The Passing Of Mrs. Miriam Lubling
Mrs. Miriam Lubling, z”l, founder of Rivkah Laufer Bikur Cholim and well known for helping sick people find doctors, passed away last week at the age of 96. Mrs. Lubling arranged for the first Bikur Cholim room in any New York hospital.
In October 2004 The New York Sun ran a positive profile of Mrs. Lubling. They covered her personal hardships, and how she channeled those difficulties into helping others.
Mrs. Lubling escaped from Poland in 1939, at the beginning of the Holocaust. The Sun reported that her family arranged for her and one of her sisters to flee to Tel Aviv. But her parents and other siblings were not as fortunate, dying at the hands of the Nazis.
She endured other life challenges. A little less than a decade after the war, her husband, whom she met in Tel Aviv, fell in the shower and hit his head.
For the next two years he was in and out of Israeli hospitals. In 1955 the couple, along with their three children, moved to Crown Heights, Brooklyn, so that he could receive medical care in the U.S.
That is when Mrs. Lubling first emerged as a patient advocate. With her husband in need of care, she tirelessly sought out doctors and researched the best medical treatments. It was then that she realized that patients did not have needed help.
In 1965 she founded the Rivkah Laufer chapter of Bikur Cholim, which she named for her late friend from shul. The Rivkah Laufer chapter arranges for patients’ medical care, assists them with chores, delivers meals to them, and visits them in hospitals.
Her advocacy work did not stop with Bikur Cholim. She was also the director of services for Holocaust victims at the Boro Park Jewish Community Council and was involved with Ohel Children’s Home and Services, a Jewish social service agency. The president of Ohel, Moishe Hellman, said of Mrs. Lubling: “There isn’t anyone in the Jewish community in Boro Park who doesn’t know her. The best way to describe her is as the Jewish Mother Theresa.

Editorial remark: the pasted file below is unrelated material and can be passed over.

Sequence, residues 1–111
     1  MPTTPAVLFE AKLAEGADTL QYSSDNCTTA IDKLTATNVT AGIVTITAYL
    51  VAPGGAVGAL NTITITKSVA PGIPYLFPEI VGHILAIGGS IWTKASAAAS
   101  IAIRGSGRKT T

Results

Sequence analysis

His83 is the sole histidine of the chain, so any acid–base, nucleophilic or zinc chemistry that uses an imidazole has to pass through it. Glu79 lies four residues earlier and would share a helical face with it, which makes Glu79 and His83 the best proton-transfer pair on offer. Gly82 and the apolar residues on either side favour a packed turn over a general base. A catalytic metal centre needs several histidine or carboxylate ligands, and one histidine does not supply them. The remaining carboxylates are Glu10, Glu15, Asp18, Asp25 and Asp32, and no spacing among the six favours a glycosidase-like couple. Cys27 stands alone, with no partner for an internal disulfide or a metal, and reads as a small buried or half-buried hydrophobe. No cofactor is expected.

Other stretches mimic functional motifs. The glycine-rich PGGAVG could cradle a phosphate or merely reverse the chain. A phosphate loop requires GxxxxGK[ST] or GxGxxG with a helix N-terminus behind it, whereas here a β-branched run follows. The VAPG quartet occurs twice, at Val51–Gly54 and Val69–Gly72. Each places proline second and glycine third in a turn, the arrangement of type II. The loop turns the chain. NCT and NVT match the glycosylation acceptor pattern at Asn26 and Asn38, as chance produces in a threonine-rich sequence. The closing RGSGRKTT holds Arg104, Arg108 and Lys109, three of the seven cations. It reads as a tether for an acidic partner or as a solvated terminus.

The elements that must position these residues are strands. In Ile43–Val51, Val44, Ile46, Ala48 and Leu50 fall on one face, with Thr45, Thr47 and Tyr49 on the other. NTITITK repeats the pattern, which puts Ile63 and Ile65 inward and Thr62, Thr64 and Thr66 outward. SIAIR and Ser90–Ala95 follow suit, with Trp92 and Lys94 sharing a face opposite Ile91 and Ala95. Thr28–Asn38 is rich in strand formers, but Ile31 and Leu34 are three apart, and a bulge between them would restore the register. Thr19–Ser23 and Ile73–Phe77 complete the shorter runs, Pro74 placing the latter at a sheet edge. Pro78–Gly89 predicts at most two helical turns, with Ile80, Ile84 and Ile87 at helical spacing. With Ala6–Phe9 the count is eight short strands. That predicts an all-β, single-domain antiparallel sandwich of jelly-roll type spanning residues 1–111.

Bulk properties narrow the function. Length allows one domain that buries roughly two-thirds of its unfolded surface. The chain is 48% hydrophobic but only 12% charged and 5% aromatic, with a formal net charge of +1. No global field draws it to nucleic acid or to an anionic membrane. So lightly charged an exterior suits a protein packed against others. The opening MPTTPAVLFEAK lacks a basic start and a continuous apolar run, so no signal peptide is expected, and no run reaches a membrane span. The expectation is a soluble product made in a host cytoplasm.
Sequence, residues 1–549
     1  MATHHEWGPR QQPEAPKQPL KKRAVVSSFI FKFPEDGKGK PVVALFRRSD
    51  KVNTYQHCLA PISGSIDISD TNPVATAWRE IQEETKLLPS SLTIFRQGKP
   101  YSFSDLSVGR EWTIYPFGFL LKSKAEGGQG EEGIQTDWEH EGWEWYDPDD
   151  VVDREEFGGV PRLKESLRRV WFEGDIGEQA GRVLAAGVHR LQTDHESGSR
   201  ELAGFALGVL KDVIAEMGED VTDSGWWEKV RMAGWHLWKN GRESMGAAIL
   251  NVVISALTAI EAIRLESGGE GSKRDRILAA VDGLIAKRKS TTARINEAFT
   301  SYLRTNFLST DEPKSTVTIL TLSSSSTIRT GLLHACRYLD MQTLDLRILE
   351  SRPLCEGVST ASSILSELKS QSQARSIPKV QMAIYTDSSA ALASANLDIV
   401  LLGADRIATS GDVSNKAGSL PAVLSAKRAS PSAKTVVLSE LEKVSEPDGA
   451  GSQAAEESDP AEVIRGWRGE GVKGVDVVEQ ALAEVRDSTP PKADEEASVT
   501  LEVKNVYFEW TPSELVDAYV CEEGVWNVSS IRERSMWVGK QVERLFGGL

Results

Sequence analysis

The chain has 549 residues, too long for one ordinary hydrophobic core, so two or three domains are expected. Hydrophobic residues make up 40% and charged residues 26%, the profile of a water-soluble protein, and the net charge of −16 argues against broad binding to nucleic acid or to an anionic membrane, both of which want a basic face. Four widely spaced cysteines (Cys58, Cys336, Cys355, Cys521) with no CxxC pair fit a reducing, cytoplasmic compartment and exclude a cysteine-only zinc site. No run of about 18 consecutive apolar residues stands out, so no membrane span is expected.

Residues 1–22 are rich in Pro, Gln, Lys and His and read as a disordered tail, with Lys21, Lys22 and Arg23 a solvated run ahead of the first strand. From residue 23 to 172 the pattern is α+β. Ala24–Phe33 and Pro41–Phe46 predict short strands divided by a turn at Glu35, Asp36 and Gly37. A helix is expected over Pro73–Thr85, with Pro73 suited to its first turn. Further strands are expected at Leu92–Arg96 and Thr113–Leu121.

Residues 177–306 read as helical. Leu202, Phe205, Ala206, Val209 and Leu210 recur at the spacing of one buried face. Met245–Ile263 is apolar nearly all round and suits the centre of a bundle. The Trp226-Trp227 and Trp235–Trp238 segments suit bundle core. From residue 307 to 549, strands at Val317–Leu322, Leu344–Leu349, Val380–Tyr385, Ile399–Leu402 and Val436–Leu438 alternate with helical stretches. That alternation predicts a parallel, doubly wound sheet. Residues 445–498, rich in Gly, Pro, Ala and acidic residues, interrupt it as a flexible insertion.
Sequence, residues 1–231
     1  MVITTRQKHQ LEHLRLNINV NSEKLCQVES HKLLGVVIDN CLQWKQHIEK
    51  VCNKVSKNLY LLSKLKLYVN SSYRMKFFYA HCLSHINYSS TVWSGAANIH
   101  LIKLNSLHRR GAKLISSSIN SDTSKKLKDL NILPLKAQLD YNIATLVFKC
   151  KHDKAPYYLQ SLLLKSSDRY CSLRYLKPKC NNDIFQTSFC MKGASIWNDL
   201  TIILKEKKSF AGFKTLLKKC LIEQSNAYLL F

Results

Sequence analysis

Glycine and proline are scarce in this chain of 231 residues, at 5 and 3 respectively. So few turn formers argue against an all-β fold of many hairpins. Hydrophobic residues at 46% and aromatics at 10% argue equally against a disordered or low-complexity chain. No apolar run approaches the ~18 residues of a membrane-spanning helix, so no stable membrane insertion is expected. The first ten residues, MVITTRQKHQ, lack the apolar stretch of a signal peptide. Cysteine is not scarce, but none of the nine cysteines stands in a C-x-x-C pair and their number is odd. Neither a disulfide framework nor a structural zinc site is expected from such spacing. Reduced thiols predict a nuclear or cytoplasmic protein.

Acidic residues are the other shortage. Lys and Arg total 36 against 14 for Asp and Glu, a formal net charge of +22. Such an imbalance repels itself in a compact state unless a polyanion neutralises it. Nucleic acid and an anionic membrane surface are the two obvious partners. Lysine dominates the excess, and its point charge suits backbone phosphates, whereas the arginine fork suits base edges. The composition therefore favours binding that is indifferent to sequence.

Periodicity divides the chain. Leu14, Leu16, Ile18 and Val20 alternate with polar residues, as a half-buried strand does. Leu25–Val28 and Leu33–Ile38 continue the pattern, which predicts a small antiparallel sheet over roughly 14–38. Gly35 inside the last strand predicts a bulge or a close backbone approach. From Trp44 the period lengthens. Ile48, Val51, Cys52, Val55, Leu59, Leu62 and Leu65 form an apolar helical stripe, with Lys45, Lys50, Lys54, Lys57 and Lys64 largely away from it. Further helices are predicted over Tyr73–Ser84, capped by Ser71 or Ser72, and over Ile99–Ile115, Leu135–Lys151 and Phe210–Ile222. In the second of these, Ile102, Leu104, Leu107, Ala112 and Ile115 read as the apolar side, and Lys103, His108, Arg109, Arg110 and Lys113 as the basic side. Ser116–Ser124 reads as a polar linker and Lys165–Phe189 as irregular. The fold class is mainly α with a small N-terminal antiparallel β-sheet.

“You can go into a hospital at midnight and find her there,” he said. “You’ll see her trying to get a bed for someone or advocating to get someone treated in the emergency room. She’s always fighting for people.”
In her earlier years Mrs. Lubling ran a kindergarten in addition to her patient advocacy work. She later devoted herself almost exclusively to making appointments, finding doctors, and helping resolve medical problems for those in need of assistance. Many of her days were spent at New York University Medical Center, where she was an associate trustee. She also worked with Maimonides, Mount Sinai, Lenox Hill, and dozens of other medical institutions.
May she continue to be a meileitzah yosher for all of Klal Yisrael.
Spate Of Anti-Semitic Attacks
Disturbing reports of three Arab-speaking males attacking a yarmulke-donning Jewish teacher last Thursday has been reported.
As the three held down the victim one of the attackers opened his shirt, pulled out a marker, and drew a large black swastika on his chest. Passersby heard the victim’s shouts and called police.
The beating of the victim required emergency medical care due to apparent facial fractures.
In related news, Israel National News reported that in recent weeks a Jewish cemetery in Hungary was vandalized. Swastikas and various anti-Semitic slurs were spray-painted on tombstones.
Residents of the Jewish community in Tatabanya, Hungary, were shocked to discover the offensive smears on Friday. They included: “STINKING JEWS!” “Holo-Lie” and “There was no Holocaust but there will be!!!”
“They spray-painted swastikas and the black cross, which was a symbol of the Nazi movement during the reign of Adolf Hitler,” said Zohar Meir, one of the leaders of the annual March of the Living in Hungary, which is scheduled for April. “There is a very strong wave of anti-Semitism in Hungary.”
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